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How can I type the unicode character U+200B (zero-width space character) with my keyboard?

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Which operating system are you using? – Kurt Pfeifle Jun 25 '10 at 12:25
@pipitas: If it's OS dependent, I'd prefer Windows. – Mehper C. Palavuzlar Jun 25 '10 at 14:44
Side question: Why do you want a zero-width space? It doesn't help for the broken comment formatting, you'd have to use a hair space, then. – Joey Jun 26 '10 at 7:50
@Johannes: Because I couldn't find an answer to my question on Meta:… and…. Could you please explain how I can use a hair space? – Mehper C. Palavuzlar Jun 26 '10 at 8:23
Ah, ok, different problem then. I thought you were trying something like this where ZWS doesn't work (see my test comments below the question). Also you posted the same link twice. – Joey Jun 26 '10 at 13:56

First convert the hex 200B to decimal 8203

Second, making sure numlock is turned on, press the following keystrokes while holding down the Alt key, then striking the four digits on the numeric keypad, and finally releasing the Alt key.


It will insert the proper character, but you may see garbage depending on the font you are using (does it contain a glyph for that character) as well as the editor you are using may not be unicode aware and treat it as two characters or something else completely.

Note: I tested this with the Arial Unicode MS font, and it worked like a champ.

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Thanks for your answer but how can I do it, for example, inside this very comment box? – Mehper C. Palavuzlar Jun 25 '10 at 17:24
This inserts U+2642 here. In RichEdit it works (as does using 08203). As to the why for U+2642: 8203 mod 256 is 11 which was, in the OEM charset, the character code of the glyph ♂ (which is now U+2642). This is consistent with what I have previously observed: Using Alt+foo treats the code differently, depending on what is prefixed. If no 0 is at the start of the code, then it is interpreted in the OEM charset, otherwise the system legacy charset. In both cases Unicode is only involved in converting the result to a character. – Joey Jun 26 '10 at 8:06
Obviously this differs between applications and controls, but not in a meaningful and predictable way so as a general solution this isn't quite right, still. – Joey Jun 26 '10 at 8:06
By the way, browsers should have no problem picking a font for a particular glyph that isn't present in the font specified. Also Arial does contain a glyph for U+200B. In any case, you shouldn't see null glyphs (boxes or U+FFFD) on a semi-recent system. – Joey Jun 26 '10 at 8:09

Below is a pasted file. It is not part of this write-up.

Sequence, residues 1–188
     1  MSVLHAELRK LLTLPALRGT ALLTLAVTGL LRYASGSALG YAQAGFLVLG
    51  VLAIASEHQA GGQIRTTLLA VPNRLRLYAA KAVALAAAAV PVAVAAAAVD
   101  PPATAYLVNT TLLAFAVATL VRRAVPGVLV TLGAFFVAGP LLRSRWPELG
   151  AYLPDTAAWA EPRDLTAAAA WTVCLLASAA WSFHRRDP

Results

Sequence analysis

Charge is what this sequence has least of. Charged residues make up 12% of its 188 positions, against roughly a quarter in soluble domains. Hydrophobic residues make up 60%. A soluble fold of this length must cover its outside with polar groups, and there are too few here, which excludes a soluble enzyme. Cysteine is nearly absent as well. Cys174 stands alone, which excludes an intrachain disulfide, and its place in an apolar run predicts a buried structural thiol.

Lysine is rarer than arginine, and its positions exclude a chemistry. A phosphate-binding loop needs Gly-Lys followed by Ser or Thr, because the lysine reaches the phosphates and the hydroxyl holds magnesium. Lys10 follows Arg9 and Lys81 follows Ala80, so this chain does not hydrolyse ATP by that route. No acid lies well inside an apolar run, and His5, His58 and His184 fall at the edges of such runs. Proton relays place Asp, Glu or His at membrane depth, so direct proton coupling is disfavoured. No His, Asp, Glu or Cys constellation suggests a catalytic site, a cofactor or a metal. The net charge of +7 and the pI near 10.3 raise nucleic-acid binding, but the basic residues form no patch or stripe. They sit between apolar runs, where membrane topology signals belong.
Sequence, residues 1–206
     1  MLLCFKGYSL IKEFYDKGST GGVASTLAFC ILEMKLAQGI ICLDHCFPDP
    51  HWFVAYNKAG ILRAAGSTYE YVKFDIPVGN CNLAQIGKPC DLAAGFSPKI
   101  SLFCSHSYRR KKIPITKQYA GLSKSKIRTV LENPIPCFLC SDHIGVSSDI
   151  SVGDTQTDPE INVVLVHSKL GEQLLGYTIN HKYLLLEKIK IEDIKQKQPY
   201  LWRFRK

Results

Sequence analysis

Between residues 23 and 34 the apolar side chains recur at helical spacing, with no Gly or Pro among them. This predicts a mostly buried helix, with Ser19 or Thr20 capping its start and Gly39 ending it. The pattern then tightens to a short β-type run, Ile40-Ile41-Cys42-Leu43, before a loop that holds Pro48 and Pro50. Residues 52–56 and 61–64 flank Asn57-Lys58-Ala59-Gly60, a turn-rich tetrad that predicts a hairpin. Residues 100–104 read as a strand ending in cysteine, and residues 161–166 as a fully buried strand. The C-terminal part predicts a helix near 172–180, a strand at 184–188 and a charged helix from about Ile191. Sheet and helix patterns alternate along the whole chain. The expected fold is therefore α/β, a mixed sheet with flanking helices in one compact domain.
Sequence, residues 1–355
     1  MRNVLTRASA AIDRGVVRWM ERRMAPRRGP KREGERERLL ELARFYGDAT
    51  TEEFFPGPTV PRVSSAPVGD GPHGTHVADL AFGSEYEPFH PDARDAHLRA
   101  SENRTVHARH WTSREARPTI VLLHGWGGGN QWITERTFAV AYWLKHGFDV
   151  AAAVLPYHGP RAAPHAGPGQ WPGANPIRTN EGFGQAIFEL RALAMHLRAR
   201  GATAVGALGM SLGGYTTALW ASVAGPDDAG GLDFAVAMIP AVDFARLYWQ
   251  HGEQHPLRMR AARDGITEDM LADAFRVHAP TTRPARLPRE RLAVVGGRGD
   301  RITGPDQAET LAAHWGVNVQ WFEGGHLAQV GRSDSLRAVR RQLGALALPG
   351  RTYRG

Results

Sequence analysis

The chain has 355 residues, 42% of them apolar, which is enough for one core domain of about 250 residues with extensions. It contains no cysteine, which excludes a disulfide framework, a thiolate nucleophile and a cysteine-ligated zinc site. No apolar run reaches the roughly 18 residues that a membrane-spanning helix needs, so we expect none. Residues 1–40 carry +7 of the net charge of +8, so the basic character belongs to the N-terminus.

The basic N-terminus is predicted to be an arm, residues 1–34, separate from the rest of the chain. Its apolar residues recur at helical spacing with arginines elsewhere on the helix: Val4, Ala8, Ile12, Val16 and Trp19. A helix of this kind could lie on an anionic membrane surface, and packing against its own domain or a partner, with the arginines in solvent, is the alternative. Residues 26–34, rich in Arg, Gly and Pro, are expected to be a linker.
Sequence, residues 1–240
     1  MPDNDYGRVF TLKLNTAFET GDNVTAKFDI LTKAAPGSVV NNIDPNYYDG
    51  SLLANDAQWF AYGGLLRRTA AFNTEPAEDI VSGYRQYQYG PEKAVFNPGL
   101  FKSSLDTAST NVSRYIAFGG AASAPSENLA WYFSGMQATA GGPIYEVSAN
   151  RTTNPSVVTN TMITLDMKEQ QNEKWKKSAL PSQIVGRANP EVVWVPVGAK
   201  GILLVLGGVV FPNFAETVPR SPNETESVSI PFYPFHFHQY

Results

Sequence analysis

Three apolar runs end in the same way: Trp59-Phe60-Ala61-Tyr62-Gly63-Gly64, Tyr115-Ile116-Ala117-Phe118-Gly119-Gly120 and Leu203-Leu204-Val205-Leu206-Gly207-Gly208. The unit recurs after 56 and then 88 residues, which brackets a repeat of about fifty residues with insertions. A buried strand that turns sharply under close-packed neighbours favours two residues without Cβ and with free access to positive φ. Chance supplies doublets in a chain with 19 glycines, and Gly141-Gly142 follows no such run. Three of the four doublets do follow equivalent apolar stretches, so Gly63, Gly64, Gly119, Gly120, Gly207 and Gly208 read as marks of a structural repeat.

How do you type this character on a device that doesn't have a numeric pad, like some laptops? – Borek Jan 8 '12 at 9:30

Follow the instructions in Wikipedia. Unfortunately you need to set a registry key first.

After that formality is taken care of, just hold Alt and press + 2 0 0 B, typing the + and numbers on the numpad, and the letters normally.

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Typing the letter B at the end on my Windows XP terminal seems to abort the escape sequence and no character is actually sent to the text box. – Goyuix Jun 25 '10 at 15:24
@Goyuix: The console windows are an entirely different beast ... most of the time you can't enter characters with Alt+foo there. – Joey Jun 26 '10 at 7:49

Alt + 0129

This inserts a zero-width character.

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0129 - hex 0x81 - is not the same as U+200B and is not a zero-width character. In the Windows Cp1252 character encoding and ISO-8859-1 it is "not a character" — there is nothing at the code-point x81, so yes, it renders as nothing, but it isn't a word boundary so it's not the same as a zero-width space. In Unicode, codepoint 0x81 is in the "C1" reserved control character range. If you're using Unicode / UTF-8 encoding you should avoid characters in the range 0x80 to 0x9f (128-159). Even in Latin-1 this range is reserved – Stephen P Aug 19 '15 at 18:59

When using recent versions of Chrome/Chromium, you can use its console to copy the character to clipboard:

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To type this on a laptop with no separate number pad, you'll need to turn numlock on, which will differ depending on your computer's manufacturer. The numbers 0-9 are then MJKLUIO789, respectively. On most laptops, these keys are marked as such. But, even if they aren't, it should still work.

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Im not 100% sure but i think it may be Alt+127

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Using the num lock I might add! – RobertPitt Jun 25 '10 at 11:39
hmm well the inly other one i can think if is the unicode version witch us 200 or 200B so try ALT+200 or ALT+200B – RobertPitt Jun 25 '10 at 11:41
When I do it, this character appears: – Mehper C. Palavuzlar Jun 25 '10 at 11:41
Alt + 200 = – Mehper C. Palavuzlar Jun 25 '10 at 11:52
This answer is incorrect - ASCII 127 is commonly the DEL character, not a zero width space unicode character. – Goyuix Jun 25 '10 at 15:23

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